Virtual Exchange (VE) is a practice, supported by research, that consists of sustained, technology-enabled, people-to-people education programmes or activities in which constructive communication and interaction takes place between individuals or groups who are geographically separated and/or from different cultural backgrounds, with the support of educators or facilitators. Virtual Exchange combines the deep impact of intercultural dialogue and exchange with the broad reach of digital technology (EVOLVE, 2019). In the US it is more commonly known as Collaborative Online International Learning (COIL) and is associated with the SUNY COIL Center.
In higher education in Europe and beyond, many see VE as “the” solution to internationalisation at home (IaH)”, that is “the purposeful integration of international and intercultural dimensions into the formal and informal curriculum for all students within domestic learning environments” (Beelen & Jones, 2015).
Institutional IaH strategies are usually driven by the fact that the majority of higher education students are not internationally mobile, but that universities are seen as being responsible for preparing students for a global society and a globally interconnected world. Currently, the IaH through VE trend is reinforced by a growing number of educators who are concerned about the sustainability and the environmental impact of international mobility and who call for other – more climate-neutral – forms of mobility and exchange (e.g. de Wit & Altbach, 2020).
And last but not least the current pandemic has added its own weight to the argument in favour of VE. At a recent webinar hosted by Class2Class on Increasing Student Engagement when faced with Limited Physical Mobility, Mary Lou Forward, director of the SUNY COIL Center, attributed growing institutional interest in VE to the fact that we live in a time of tremendous social change and people are demanding social justice. We will need to make sustained connections to understand where other people are coming from to be able to transform our own societies into the kinds of places we want for the future.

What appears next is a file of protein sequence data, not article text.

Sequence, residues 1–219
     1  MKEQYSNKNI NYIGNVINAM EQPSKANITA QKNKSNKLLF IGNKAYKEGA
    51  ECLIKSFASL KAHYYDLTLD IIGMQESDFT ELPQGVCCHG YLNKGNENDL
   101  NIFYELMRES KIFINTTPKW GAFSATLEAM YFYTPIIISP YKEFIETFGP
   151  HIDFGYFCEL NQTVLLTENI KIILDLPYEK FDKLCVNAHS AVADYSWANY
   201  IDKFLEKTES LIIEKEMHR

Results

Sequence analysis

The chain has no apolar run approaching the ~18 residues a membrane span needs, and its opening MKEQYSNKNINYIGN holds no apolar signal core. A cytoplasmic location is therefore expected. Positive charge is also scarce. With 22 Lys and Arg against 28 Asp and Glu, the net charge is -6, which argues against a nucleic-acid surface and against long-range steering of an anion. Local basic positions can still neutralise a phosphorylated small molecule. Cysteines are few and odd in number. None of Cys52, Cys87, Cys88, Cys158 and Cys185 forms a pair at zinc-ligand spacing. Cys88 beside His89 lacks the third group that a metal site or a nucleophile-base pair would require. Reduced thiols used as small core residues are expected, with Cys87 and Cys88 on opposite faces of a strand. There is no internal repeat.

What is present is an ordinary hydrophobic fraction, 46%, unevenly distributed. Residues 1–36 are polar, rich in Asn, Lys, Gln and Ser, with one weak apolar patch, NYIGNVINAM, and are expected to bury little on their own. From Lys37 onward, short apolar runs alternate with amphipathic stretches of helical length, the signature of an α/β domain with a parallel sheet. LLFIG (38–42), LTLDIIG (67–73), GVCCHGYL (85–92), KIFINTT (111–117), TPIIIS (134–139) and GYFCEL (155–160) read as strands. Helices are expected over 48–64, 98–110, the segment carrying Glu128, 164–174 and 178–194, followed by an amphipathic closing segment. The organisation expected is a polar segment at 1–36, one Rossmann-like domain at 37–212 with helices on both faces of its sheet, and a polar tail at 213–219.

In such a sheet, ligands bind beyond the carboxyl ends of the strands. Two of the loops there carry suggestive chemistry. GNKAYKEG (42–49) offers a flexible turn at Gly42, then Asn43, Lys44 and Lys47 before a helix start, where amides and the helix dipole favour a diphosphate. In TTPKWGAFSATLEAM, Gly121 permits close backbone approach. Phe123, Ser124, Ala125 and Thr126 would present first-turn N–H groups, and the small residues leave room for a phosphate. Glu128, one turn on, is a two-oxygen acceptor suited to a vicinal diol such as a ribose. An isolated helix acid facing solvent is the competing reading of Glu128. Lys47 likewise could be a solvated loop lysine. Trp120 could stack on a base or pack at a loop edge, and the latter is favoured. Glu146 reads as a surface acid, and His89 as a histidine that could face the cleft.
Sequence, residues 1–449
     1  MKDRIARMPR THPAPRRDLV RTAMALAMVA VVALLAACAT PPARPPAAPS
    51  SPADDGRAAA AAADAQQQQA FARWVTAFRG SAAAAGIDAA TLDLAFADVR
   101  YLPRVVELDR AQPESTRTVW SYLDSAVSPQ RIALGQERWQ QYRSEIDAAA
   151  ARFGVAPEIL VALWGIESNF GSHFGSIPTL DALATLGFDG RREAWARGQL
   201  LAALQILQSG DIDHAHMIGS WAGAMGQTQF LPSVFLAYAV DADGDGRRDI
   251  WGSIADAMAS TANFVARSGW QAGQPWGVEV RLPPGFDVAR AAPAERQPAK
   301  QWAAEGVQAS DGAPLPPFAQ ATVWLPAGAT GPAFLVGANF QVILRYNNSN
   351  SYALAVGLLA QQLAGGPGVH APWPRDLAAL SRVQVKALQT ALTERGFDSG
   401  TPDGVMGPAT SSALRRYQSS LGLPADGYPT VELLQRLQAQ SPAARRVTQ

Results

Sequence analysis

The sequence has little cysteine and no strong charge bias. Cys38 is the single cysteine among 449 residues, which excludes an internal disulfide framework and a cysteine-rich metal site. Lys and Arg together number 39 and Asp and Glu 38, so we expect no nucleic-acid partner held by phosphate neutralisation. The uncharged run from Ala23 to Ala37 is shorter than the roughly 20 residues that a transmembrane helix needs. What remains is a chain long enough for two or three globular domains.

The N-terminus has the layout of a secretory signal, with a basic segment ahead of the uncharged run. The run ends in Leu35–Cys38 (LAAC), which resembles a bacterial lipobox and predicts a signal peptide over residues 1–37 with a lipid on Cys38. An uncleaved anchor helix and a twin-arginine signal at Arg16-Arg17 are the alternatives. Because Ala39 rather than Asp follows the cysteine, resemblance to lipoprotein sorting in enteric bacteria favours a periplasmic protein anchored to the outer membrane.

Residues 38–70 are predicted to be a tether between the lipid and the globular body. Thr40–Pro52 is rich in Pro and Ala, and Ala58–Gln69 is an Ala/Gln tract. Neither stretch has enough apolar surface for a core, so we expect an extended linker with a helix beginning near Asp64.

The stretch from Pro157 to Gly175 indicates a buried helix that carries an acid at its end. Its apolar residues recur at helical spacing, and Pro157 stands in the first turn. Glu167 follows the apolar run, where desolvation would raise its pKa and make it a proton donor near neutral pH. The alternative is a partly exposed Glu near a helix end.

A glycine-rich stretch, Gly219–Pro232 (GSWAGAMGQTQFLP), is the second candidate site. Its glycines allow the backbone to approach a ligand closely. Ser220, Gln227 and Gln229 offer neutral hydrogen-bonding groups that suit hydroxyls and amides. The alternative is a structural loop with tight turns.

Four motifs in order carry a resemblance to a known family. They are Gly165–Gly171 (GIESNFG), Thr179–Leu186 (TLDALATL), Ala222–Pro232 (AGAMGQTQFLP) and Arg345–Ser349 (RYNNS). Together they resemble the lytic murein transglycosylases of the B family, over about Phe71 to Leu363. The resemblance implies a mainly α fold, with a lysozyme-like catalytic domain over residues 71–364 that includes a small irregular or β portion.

We wholeheartedly subscribe to all facets of the argument in favour of VE, but in alignment with the remit of the Critical Internationalisation Studies Network (CISN), we want to draw attention to some of the challenges that come with the drive to institutionalise VE. These challenges are starting to be identified and explored in published VE research based on the realisation that VE, in fact any online learning and teaching, is prone to reproduce similar unequal power dynamics as f2f classrooms. The knowledges which are made relevant in VEs and the terms under which the exchanges take place, can be influenced by many different factors: the teaching partners’ academic positions, their linguistic competence, the linguistic competence of their students, access to and experience in the use of technology, institutional constraints (lack of support, acknowledgement, rewards etc.), gender, race, age, geo-political issues (Helm, 2020).
We have joined the CISN to explore more systematically with those among you who are interested, issues related to equity and power:
· How it operates in the digital spaces we use in VE, and
· How it shapes ways of thinking and doing that perpetuate social and cultural inequalities both on- and offline.
We strongly feel that these issues need to be brought to the fore in the exchanges themselves and in our research into VE.
We invite you to take a critical stance and start to unpack some of the assumptions and ideologies in the discourses surrounding educational technologies in general and VE-based IaH in particular.
We will be in touch with a date and a time for a meeting of the Critical VE subgroup of the CISN soon. And look forward to working with you.
Authors: Dr. Mirjam Hauck and Dr. Francesca Helm
Dr. Mirjam Hauck is Associate Head for Internationalisation, Equality, Diversity, and Inclusion in the School of Languages and Applied Linguistics at the Open University/UK and a Senior Fellow of the UK’s Higher Education Academy. She has published widely on the use of technologies for the learning and teaching of languages and cultures, in virtual exchange contexts in particular.
Dr. Francesca Helm is Assistant Professor of English Language and Translation at the University of Padova (Italy). Her research interests lie in online intercultural dialogue and exchange, language education and policy, critical approaches to internationalisation of higher education and online education, academic freedom, and social justice. She is co-coordinator of the Italian section of Scholars at Risk.
Note: The video from Dr. Mirjam Hauck and Dr. Francesca Helm’s November 12 presentation, “Critical Internationalisation through Critical Virtual Exchange (VE)”, is now available to view: https://youtu.be/S1EZL4DLjew